Susan Powter isn’t the only one screaming “stop the insanity!” The citizens of New York are as well.
The amount of drama that has come out of the state legislature in the last two years is unprecedented. And just when it seems like things couldn’t get any worse, they get worse.
Just days before former state Assembly Speaker Sheldon Silver was sentenced to 12 years in federal prison on corruption charges, Gov. Andrew Cuomo’s Buffalo Billion initiative is the latest item taken out of Albany’s dirty laundry basket for possible misdeeds. New York City Mayor Bill de Blasio’s campaign fundraising has also been under investigation the last several weeks.
There are at least six former state officials currently serving time in prison. Former Senate Majority Leader Dean Skelos, who will be sentenced later this month, is the fifth straight majority leader to be indicted. The Senate’s No. 2 person, Thomas Libous, was convicted last year of lying to the FBI. And that’s just recently. To polish it off, more than 30 state politicians have either been convicted, sanctioned or accused of wrongdoing in the last decade.
They say the first step to solving a problem is recognizing there is one. In the case of Albany, recognizing there is a problem is the problem. Like a carrot dangling in front of a donkey, Cuomo and legislators keep feeding the public their broad and halfhearted promises for ethics reform and then time and again fail to deliver. They said ethics would be included in the budget. It wasn’t. Now they say they will adapt measures before the end of the legislative session — which is only a month away. A recent Siena College poll finds that 97 percent of the public want lawmakers to take steps to remove corruption before they adjourn in June.
Alas, there are still many lawmakers that either refuse to see reform as a priority or are just now realizing corruption is a problem. Silver himself, in an apology letter to the court, said “because of my actions, New York’s ethics rules were and continue to be analyzed, evaluated and criticized, everywhere … Because of me, the government has been ridiculed.”
Silver has been so sunk in Albany he is convinced that his conviction made the corruption crisis surface. Sorry, Mr. Silver. As monumental as your sentencing was, a new corrupt New York politician is as common in the news as a weather report.
So what must reform entail? For starters, enact pension exclusions for convicted public officials. It is simply ludicrous that while in prison, Silver will still receive an $80,000 yearly pension. Skelos will get $95,000 annually — all provided by New York taxpayers — many of whom will never see half that amount as a working citizen — while, you know, not breaking the law. Speaking of income, politicians shouldn’t earn an average salary of $90,000 for only six months of work and should be limited on outside income. Many scandals have come about due to jobs outside of the Capitol.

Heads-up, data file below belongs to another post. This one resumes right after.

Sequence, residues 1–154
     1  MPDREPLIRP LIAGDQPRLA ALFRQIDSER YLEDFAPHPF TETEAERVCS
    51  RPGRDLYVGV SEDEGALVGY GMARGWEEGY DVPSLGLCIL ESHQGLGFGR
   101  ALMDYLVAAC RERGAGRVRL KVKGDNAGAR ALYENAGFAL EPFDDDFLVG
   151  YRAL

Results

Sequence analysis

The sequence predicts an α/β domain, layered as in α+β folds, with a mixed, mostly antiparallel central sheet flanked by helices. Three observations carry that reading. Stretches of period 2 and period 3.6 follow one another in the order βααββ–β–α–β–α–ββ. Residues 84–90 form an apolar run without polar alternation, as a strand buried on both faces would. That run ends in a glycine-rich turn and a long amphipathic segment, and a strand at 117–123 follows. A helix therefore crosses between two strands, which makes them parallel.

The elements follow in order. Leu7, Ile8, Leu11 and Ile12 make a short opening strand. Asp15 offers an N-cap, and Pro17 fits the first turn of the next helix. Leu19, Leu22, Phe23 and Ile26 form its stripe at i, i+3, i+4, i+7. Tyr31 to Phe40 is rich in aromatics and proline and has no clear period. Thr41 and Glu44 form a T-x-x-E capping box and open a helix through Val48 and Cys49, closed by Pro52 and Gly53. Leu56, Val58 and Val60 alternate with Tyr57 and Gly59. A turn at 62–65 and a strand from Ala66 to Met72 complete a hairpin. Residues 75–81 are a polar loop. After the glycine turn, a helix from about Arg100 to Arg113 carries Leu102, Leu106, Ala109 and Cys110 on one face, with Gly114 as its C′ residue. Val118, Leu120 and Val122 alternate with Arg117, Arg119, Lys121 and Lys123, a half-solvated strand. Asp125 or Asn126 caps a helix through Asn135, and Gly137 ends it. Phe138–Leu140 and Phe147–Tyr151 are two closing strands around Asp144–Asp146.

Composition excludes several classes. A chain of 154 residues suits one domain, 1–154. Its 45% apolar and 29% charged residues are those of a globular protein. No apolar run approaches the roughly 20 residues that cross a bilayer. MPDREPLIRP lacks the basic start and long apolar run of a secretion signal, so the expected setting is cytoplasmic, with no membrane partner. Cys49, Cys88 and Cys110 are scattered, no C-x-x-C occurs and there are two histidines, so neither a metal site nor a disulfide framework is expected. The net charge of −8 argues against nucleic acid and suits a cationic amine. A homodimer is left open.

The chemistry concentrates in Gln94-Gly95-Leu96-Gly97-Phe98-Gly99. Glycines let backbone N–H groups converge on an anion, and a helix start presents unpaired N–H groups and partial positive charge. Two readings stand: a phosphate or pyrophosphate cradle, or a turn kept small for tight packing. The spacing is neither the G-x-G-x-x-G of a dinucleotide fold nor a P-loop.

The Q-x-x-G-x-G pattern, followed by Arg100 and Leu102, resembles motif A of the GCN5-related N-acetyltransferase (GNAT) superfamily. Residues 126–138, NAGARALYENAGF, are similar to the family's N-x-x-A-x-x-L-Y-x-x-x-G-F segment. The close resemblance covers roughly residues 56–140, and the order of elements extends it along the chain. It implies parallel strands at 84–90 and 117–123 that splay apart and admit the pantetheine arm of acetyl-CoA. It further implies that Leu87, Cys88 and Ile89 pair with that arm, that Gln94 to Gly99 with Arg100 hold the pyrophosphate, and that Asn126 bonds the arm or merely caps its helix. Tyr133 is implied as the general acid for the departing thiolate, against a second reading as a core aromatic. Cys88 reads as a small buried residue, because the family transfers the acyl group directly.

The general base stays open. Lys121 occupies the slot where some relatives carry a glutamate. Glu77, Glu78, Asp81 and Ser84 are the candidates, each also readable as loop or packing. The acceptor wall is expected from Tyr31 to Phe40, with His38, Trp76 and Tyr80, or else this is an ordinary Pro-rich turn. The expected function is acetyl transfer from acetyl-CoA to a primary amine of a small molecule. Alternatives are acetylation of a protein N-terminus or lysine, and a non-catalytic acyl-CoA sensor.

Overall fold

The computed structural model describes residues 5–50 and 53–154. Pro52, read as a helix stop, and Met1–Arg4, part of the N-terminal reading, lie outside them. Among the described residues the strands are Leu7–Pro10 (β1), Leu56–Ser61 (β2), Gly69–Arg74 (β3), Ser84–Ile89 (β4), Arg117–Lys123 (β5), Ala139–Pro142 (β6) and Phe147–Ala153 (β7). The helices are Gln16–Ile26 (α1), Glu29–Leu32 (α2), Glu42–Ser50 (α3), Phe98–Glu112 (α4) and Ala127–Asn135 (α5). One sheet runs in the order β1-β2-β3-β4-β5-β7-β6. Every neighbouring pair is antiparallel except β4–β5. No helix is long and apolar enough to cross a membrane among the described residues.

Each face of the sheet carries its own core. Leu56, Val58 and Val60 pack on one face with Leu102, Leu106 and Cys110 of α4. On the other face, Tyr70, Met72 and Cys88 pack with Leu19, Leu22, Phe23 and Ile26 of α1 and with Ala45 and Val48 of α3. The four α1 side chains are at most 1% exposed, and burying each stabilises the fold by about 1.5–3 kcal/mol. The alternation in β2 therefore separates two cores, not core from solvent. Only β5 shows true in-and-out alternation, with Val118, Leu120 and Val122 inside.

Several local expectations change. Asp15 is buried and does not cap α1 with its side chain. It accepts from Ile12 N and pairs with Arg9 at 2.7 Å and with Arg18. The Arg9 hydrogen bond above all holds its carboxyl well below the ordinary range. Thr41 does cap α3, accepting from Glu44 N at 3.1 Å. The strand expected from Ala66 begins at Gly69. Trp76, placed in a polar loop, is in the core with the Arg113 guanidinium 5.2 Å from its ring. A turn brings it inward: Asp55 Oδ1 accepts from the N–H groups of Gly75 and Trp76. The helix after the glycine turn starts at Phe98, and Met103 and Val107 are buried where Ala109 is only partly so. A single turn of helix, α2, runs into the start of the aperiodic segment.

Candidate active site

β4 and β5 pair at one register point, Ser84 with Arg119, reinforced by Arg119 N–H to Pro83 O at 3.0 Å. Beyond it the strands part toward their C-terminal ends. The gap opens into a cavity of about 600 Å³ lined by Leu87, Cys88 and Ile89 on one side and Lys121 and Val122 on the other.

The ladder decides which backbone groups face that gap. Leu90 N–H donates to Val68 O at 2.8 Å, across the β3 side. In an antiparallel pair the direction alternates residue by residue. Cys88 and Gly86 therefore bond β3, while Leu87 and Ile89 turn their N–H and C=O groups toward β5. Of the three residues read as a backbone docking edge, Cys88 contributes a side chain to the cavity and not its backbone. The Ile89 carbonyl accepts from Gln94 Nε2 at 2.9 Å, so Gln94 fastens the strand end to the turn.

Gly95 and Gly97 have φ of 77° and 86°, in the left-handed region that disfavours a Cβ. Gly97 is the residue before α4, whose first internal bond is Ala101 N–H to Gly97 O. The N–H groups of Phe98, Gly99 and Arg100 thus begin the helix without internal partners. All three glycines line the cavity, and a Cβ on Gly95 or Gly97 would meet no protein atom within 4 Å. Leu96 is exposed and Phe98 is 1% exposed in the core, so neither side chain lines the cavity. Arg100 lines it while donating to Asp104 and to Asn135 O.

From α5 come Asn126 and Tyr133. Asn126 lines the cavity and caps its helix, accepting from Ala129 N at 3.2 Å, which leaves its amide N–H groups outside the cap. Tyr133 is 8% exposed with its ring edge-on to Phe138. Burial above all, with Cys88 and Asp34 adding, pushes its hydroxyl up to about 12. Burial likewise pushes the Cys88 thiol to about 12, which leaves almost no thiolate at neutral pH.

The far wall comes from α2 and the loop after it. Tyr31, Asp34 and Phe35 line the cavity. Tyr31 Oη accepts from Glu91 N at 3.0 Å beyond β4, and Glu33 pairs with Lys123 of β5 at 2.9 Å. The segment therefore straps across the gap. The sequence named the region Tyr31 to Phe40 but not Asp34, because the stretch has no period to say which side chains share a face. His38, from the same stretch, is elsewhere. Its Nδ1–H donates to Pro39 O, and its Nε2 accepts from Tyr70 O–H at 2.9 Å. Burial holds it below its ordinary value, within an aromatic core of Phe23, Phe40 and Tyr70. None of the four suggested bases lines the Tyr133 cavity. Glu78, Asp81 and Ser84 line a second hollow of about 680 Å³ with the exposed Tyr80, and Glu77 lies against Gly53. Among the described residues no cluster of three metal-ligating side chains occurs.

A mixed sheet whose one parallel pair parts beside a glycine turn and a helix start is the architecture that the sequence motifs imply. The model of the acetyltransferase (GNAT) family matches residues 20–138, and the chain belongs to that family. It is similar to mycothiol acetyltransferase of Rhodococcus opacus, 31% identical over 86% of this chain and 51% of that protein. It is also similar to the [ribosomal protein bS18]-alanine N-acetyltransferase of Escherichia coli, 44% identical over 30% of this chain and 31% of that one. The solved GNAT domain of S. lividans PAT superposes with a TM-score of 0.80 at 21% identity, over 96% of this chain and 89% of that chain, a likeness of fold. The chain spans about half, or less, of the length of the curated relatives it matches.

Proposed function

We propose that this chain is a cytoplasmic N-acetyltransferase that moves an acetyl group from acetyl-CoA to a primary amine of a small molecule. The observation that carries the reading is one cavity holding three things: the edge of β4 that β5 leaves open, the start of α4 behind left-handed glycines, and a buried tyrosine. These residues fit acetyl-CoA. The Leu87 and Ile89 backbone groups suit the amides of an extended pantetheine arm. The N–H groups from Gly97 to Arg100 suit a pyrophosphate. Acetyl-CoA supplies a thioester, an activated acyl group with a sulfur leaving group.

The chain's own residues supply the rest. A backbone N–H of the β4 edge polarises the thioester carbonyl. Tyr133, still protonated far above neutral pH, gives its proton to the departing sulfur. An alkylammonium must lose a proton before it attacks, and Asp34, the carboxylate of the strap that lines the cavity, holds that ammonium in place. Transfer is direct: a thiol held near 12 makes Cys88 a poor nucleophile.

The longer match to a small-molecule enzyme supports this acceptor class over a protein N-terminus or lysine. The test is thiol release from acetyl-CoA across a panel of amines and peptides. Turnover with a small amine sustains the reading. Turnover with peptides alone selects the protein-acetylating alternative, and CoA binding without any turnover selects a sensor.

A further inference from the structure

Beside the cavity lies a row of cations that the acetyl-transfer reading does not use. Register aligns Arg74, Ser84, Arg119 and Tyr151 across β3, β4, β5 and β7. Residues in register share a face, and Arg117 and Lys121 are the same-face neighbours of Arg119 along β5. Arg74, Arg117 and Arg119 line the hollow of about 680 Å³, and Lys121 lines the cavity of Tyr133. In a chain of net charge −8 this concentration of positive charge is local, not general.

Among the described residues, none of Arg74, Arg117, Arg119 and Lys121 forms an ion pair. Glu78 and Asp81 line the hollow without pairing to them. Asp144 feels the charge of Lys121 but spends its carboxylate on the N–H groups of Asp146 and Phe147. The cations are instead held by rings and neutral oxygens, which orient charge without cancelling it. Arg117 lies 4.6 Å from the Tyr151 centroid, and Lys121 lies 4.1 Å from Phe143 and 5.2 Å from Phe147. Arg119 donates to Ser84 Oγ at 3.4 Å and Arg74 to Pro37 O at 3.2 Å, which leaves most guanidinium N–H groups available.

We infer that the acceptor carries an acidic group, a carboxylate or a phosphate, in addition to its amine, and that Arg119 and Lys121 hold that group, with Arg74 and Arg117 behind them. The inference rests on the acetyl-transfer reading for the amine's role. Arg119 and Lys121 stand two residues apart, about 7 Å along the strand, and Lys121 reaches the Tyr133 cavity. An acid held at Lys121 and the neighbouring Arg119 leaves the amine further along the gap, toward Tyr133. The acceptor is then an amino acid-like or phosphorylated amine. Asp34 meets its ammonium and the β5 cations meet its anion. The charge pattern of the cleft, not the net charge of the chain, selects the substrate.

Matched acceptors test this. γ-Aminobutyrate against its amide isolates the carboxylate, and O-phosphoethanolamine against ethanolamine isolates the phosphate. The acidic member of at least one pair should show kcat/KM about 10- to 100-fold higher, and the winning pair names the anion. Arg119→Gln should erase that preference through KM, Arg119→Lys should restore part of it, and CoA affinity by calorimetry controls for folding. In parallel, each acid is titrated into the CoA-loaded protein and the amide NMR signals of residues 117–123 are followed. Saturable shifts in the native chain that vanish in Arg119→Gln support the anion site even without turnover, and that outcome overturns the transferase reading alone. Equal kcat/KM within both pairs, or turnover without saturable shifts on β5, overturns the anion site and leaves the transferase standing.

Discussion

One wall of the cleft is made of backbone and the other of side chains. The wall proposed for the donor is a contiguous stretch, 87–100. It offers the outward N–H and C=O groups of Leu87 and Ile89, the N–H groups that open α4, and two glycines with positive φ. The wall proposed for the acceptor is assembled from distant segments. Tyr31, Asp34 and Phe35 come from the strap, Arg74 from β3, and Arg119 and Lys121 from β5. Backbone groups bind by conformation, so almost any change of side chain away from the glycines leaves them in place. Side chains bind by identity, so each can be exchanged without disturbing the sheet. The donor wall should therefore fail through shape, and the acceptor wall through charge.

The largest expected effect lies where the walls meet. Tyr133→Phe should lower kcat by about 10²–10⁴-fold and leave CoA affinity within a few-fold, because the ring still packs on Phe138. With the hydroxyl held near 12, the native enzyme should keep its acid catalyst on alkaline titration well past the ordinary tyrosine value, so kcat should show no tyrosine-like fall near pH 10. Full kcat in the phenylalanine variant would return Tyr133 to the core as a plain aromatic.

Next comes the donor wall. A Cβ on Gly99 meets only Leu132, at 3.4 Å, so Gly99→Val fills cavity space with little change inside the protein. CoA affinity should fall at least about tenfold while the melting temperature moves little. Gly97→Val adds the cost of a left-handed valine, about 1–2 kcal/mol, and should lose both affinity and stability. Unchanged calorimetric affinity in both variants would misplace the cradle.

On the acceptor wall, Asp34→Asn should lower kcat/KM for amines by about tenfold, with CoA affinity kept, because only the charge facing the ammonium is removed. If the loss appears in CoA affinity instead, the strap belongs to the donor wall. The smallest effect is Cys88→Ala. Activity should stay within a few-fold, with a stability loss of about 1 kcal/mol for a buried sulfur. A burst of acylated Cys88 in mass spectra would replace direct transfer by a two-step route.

The state must also close the LLC loophole, which allows big donors and special interests to circumvent the state’s campaign finance limits and funnel millions of dollars to the candidates of their choice. Then, create an independent ethics panel to find and remove the dirty weeds from government. And actually make it independent — not a panel whose members are appointed by chamber leaders or the governor, like the current Joint Commission on Public Ethics.
It’s more than just keeping the money out of politics, however. It’s also about sending a message — a message to those who have committed these crimes and to those who might still.
While in court, both Sheldon and Skelos maintained they had done nothing wrong — their defense literally being that their illegal acts were business as usual in Albany.
The New York Times recently published a piece on former state politicians behind bars. Efraín González Jr., an ex-senator who was convicted in 2009 of using funds donated to a non-profit to pay for over $37,000 in personal expenses, said this about Silver and Skelos.“I wouldn’t say they were crooks. Everybody does all that. It’s, ‘I help you, you help me.’ So what is that? Politics.”
That kind of thinking is exactly why ethics reform is needed. Corruption can no longer be defended by “well, he’s doing it, so why can’t I?” That’s a pitiful defense for any crime, let alone someone of this merit.
It’s time to put a stop to that kind of normal. Because it’s not just about the legislation, it’s about reminding our elected officials that illegal acts have consequences and that they are required to use their office to benefit their constituents, not themselves. That, Mr. González, is what “politics” is supposed to be and that’s the politics that New Yorkers want and deserve.
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